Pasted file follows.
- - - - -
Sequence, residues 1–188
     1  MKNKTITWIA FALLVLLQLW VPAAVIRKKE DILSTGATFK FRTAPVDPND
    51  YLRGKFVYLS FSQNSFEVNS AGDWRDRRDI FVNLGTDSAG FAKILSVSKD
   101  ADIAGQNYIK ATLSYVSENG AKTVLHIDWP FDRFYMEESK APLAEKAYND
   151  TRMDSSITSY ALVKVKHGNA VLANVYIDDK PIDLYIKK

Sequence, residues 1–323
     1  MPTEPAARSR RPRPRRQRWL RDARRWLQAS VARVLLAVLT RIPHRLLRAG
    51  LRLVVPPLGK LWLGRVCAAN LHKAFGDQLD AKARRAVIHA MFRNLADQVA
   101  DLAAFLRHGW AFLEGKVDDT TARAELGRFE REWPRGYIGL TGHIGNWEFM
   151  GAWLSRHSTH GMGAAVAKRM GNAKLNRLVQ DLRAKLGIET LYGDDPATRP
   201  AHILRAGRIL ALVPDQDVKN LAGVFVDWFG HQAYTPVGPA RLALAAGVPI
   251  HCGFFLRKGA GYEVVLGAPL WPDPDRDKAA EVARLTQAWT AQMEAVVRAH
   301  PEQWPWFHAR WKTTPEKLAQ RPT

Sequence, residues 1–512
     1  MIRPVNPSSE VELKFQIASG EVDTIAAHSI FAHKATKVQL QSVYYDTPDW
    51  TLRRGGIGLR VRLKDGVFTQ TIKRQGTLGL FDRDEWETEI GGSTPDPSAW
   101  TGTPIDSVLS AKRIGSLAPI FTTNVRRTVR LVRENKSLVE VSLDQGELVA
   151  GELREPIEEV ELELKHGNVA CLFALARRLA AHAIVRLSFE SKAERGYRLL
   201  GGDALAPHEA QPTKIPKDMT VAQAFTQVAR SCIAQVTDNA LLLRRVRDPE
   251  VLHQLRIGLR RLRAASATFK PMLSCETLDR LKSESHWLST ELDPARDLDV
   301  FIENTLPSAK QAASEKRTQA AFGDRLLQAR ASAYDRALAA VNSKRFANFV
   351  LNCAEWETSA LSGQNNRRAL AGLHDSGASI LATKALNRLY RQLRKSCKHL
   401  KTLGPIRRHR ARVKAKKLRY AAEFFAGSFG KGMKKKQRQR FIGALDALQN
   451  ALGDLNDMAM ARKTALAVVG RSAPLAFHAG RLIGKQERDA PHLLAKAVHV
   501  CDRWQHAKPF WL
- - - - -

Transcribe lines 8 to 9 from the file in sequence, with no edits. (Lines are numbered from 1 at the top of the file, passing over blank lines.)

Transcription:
    51  LRLVVPPLGK LWLGRVCAAN LHKAFGDQLD AKARRAVIHA MFRNLADQVA
   101  DLAAFLRHGW AFLEGKVDDT TARAELGRFE REWPRGYIGL TGHIGNWEFM